RFID coil question

Thread Starter

rjjenkins

Joined Apr 16, 2011
187
I have an application which uses animal tags and a RFID reader operating at 134.2KHz. The tags are embedded in wooden objects that are passed through the coil. The coil at the moment is about 110 mm in diameter. I have wound it to the specified inductance and have also tuned it with an oscilloscope. All is fine except that about 5 per cent of tags fail to be read. This is probably because I can't control the orientation of the tag as they pass through the coil. I made another coil slightly smaller at 100mm, same inductance, and the performance is slightly worse. I'm not sure whether size matters - my instinct was that a bigger coil is likely to have a dead spot in the middle, and that using a smaller one would give a greater chance that the tag will be near the side of the coil as it passes through. But maybe I'm wrong - my experiment suggests that I might get a better result with a bigger coil.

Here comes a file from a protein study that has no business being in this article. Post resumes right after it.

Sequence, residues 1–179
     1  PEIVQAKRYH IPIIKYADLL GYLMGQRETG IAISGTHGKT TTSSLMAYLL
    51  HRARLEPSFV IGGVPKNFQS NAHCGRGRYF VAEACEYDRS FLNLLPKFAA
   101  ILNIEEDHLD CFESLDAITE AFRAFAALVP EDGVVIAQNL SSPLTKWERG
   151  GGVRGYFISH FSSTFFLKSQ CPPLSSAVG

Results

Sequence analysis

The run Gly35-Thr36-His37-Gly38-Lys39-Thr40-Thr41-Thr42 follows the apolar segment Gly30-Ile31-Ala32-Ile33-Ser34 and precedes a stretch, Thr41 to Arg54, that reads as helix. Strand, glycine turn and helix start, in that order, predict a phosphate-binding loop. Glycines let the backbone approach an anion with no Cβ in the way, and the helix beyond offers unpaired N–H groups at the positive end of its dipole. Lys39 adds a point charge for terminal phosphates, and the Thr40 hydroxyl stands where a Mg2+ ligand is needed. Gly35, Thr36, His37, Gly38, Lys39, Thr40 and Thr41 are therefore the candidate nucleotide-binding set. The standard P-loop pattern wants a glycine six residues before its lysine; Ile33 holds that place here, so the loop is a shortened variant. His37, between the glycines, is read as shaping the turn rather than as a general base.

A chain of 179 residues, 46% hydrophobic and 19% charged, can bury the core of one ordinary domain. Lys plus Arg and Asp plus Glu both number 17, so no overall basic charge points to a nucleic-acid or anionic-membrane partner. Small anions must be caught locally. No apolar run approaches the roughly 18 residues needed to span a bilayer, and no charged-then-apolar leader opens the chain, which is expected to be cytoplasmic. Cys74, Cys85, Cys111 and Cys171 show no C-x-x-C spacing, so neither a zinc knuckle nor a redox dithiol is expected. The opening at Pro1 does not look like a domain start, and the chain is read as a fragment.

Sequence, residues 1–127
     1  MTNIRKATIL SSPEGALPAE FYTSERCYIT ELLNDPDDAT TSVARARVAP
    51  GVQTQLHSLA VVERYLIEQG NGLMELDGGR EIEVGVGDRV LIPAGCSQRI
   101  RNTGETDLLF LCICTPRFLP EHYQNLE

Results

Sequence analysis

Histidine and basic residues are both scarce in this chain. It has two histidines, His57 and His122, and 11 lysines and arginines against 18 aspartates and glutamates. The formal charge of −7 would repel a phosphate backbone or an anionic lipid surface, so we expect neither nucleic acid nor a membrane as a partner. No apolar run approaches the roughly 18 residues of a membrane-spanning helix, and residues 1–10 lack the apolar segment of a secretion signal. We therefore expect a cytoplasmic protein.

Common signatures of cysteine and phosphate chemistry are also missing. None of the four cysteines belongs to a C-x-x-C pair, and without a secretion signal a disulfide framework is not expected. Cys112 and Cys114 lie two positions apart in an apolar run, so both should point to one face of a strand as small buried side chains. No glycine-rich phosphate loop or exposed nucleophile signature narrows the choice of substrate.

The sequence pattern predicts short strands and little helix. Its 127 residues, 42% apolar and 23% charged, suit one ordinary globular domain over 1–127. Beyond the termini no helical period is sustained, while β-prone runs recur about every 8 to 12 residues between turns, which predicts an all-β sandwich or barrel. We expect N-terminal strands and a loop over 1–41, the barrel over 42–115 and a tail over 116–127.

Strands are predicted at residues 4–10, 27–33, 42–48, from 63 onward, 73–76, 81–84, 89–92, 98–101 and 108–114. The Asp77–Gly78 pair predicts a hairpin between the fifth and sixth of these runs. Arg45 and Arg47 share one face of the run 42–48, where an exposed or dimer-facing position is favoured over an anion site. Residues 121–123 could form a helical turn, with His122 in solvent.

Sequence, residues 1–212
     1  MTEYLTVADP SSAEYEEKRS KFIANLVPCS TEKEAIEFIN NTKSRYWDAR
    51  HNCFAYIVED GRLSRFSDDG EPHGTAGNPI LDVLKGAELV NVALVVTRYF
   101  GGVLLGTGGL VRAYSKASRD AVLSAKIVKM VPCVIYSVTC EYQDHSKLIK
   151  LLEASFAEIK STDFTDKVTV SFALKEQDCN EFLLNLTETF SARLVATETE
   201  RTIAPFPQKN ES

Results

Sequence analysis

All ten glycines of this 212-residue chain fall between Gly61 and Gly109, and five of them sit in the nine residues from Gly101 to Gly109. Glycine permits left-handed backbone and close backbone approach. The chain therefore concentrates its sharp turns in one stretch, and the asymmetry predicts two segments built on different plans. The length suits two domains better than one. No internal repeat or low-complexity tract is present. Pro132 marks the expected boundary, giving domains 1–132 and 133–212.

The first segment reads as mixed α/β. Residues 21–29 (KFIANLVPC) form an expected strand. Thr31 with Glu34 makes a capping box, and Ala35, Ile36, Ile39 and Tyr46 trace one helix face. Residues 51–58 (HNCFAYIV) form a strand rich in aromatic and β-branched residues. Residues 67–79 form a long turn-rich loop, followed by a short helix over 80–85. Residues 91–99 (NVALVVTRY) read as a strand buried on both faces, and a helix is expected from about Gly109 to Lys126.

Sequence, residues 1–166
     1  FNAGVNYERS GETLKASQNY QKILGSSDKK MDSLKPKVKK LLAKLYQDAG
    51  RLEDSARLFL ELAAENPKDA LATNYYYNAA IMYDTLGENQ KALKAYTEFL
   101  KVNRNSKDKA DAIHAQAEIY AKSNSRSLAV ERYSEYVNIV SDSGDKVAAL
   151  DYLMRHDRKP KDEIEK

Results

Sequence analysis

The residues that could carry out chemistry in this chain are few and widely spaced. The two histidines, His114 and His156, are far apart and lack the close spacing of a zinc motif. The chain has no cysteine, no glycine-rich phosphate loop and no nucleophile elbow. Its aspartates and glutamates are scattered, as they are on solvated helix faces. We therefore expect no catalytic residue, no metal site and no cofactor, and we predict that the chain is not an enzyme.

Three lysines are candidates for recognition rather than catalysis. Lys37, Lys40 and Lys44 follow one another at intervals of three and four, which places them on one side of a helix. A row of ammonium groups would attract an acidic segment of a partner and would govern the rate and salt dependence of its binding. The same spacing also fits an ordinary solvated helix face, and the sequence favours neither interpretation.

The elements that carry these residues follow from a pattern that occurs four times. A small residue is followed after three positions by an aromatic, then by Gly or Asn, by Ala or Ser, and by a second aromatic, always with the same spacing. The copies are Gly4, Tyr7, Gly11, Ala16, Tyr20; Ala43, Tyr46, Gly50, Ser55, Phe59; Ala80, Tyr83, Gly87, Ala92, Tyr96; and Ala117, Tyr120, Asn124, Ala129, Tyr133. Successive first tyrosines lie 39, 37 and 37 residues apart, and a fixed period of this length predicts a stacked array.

Any thoughts, please?
 

DickCappels

Joined Aug 21, 2008
8,705
You wrote: This is probably because I can't control the orientation of the tag as they pass through the coil

There is a good chance of that. Maybe you should work on that aspect of the problem. Back in high school about 100 years ago a friend found that he could smuggle books out of the library by holding them at a particular angle when walking through the detector.

Never got caught and later in life he straightened out and made a very good living as a programmer with a big computer company.